Iranian General Says Destruction of Israel Is Now an “Achievable Goal”

Iranian General Says Destruction of Israel Is Now an “Achievable Goal”


By Steve Byas


“This sinister regime must be wiped off the map and this is no longer … a dream, it is an achievable goal,” Major General Hossein Salami (shown), the commander of Iran’s Revolutionary Guard said Monday, according to the Sepah news site of the Guard.


Salami boasted that recent technological advances by Iran have now made it possible to bring an end to the state of Israel. “We have managed to obtain the capacity to destroy the imposter Zionist regime,” Salami insisted in his remarks.


While the Jewish nation was universally condemned by its neighboring Arab states (who promised to drive the nation and its people into the sea) upon the declaration of the restoration of the nation of Israel on May 14, 1948, Iran’s relationship with the Israeli government has had a more mixed history. During the years that the Shah ruled Iran, and Iran was actually an ally of the United States during the Cold War against the Soviet Union, Israel had little to fear from Iran.


Even after the 1979 Iranian Revolution that ousted the Shah and brought the ayatollahs to power in the country, Iran’s more immediate concern was the Saddam Hussein-ruled neighboring Iraq. The two nations fought a long war in which an estimated one million casualties resulted. In the early 1980s, under the Reagan administration, Iran and the United States reached a deal in which the United States actually sold weapons to the Iranians. Technically, Israel actually transferred the weapons to Iran, and the U.S. replenished the Israeli stock.


It is hard to imagine such cooperation between the present Iranian regime and the Israelis today. For the past several years, Iran has openly supported anti-Israeli terrorist groups such as Palestinian Hamas and Lebanon’s Hezbollah. And it is not just opposition to a Jewish state, as we often hear from apologists for the Iranian regime. Since the Iranian revolution, Jews in Iran have suffered persistent persecution. Before the revolution there were nearly 100,000 Jews in Iran — now there are only a few thousand left.


But, considering that Egypt’s Anwar Sadat, while a leading minister for Gamal Nasser, actually published an open letter to Adolf Hitler after World War II (hoping the National Socialist dictator was still alive somewhere), expressing sympathy for his efforts to exterminate the Jews, things can change. Sadat later reached the Camp David peace accords with Israel.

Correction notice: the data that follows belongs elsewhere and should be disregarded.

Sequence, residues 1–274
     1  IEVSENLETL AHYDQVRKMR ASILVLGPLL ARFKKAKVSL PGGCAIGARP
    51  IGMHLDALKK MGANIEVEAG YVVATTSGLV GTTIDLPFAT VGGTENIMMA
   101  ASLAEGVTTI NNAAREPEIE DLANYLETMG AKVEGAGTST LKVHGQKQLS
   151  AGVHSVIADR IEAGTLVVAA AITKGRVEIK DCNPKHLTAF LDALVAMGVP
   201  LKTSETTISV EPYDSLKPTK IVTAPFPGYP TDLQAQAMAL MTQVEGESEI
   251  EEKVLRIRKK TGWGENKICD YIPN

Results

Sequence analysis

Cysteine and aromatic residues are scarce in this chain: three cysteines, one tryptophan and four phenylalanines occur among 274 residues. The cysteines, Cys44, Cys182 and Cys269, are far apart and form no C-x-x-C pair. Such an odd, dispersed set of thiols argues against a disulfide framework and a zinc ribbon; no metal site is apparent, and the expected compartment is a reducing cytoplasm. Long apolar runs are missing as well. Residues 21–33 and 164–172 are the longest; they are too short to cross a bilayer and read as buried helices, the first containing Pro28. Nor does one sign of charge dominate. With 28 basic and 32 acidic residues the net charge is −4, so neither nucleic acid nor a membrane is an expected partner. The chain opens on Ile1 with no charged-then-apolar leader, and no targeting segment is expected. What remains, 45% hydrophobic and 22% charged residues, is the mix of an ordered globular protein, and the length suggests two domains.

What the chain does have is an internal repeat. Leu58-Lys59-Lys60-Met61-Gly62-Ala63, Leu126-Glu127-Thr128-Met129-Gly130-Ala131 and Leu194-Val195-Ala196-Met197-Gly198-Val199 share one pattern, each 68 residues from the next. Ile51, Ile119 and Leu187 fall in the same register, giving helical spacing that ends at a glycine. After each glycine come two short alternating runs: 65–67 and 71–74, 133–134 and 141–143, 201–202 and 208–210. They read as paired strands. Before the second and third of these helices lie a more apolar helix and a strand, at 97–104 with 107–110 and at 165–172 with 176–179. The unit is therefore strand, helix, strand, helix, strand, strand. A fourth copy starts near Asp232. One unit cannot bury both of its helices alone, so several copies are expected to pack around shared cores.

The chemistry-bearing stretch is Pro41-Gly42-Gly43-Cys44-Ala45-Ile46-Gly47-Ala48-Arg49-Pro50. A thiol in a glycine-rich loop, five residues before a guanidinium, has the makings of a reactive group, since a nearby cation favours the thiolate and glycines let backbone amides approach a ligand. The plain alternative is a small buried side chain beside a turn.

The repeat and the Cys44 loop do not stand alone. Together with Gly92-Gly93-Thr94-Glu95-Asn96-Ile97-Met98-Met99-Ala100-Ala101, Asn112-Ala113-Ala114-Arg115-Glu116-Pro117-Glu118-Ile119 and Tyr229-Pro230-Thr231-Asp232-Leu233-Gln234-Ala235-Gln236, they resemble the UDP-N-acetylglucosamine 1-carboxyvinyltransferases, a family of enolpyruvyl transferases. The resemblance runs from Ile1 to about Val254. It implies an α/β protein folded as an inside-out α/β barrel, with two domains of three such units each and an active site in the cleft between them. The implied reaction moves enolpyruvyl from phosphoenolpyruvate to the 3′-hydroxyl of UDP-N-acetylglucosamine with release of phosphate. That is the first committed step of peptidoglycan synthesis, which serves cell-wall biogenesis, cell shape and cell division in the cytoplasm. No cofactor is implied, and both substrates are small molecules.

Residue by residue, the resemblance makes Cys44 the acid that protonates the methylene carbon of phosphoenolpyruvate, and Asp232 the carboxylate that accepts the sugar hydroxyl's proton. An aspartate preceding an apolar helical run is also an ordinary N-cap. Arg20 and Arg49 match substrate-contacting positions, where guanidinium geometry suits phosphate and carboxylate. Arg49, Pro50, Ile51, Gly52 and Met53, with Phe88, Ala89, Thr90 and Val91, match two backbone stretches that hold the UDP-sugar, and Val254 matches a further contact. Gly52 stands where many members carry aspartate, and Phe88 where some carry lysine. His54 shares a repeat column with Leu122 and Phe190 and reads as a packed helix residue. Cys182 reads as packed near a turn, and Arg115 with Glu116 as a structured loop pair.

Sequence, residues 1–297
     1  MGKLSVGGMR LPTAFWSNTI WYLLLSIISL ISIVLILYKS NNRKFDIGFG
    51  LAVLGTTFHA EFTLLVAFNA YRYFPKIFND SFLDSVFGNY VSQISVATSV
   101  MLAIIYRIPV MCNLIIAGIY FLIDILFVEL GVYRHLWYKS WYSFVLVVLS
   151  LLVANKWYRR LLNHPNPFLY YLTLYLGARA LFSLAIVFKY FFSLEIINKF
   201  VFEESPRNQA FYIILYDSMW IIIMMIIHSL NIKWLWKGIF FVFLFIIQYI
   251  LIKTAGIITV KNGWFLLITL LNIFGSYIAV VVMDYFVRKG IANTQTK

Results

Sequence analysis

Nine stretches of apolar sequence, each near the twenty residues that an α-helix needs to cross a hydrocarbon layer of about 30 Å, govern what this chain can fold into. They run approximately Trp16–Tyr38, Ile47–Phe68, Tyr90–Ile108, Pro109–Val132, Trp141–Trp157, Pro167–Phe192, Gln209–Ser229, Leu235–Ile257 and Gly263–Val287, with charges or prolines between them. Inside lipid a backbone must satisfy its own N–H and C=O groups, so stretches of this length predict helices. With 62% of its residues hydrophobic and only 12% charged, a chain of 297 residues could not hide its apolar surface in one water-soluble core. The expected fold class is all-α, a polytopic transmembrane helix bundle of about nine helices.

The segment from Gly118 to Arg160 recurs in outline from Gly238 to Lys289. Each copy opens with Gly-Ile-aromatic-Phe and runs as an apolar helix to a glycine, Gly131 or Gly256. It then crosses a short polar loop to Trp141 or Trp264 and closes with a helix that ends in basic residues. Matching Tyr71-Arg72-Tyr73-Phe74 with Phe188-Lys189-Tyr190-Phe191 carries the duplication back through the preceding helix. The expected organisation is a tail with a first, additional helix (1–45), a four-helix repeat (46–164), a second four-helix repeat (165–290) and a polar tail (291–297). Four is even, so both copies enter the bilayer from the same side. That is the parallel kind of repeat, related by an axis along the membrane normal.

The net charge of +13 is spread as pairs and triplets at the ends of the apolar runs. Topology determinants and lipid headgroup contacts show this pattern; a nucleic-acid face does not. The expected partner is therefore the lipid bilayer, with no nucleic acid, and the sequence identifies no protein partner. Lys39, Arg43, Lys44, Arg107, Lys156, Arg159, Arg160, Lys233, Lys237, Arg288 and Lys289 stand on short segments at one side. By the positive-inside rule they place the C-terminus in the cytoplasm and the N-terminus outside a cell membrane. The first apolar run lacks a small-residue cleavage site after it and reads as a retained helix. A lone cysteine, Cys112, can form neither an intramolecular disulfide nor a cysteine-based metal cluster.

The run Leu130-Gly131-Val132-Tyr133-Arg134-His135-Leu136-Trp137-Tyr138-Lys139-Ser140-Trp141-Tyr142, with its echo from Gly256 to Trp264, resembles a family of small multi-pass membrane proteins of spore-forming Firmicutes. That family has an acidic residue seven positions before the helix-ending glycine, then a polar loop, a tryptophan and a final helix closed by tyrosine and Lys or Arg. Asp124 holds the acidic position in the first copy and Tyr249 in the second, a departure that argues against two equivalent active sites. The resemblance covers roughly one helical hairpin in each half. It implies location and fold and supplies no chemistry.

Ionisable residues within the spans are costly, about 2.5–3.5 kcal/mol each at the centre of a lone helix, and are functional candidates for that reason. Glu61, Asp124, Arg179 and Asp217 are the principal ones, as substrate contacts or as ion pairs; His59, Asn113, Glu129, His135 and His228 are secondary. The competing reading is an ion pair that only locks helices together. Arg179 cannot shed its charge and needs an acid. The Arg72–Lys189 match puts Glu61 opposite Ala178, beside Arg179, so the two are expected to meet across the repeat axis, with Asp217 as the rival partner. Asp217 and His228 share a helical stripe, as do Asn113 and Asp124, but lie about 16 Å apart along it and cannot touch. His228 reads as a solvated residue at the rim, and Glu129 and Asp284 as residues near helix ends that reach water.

Whether an Iranian leader in the future could do a similar about-face is doubtful, especially considering that Sadat was assassinated for making peace with Israel.


But who would have thought that the Israelis and the Saudis would have such an informal alliance today against Iran?


Interestingly, Abbas Mousavi, speaking for the Iranian foreign ministry, actually tweeted a “Happy [Jewish] Year to our Jewish compatriots and to all true followers of great prophet Moses,” adding PBUH, an acronym for “Peace be upon him.”


Israeli Prime Minister Benjamin Netanyahu certainly regards Iran as a serious threat to the continued survival of his country, saying, “Iran calls for Israel’s destruction and they work for its destruction each day, every day, relentlessly.” Netanyahu has publicly praised President Donald Trump’s revocation of the multilateral nuclear deal with Iran, arguing that the deal would “enable Iran to threaten Israel’s survival.”


In June 2018, Ayatollah Ali Khamenei said that Israel is “a malignant tumor that must be removed and eradicated.” Iranian generals have many times expressed a desire to destroy Israel, and add that they are able to wipe out Tel Aviv right now. (It is less likely that Iran would ever bomb Jerusalem, as that would no doubt cause even more problems with Arab countries in the region, who consider Jerusalem a holy site for Muslims as well as for Jews and Christians. Tel Aviv is a city with no reputation for any religious significance).


Whether Iran will ever actually use its military power to attack Israel is not certain. Publicly, they argue that they will not have to do anything to destroy Israel, because it will cease to exist because of its own supposed arrogance.


What does all of this mean to the United States? Perhaps U.S. politicians need to take their cue from the attitude of Israel’s Prime Minister, Netanyahu. He clearly puts his country — Israel — first. That is the position that American presidents and other political leaders should emulate.

Photo: AP Images

Steve Byas is a university history and government instructor. He can be reached at


Published with Permission of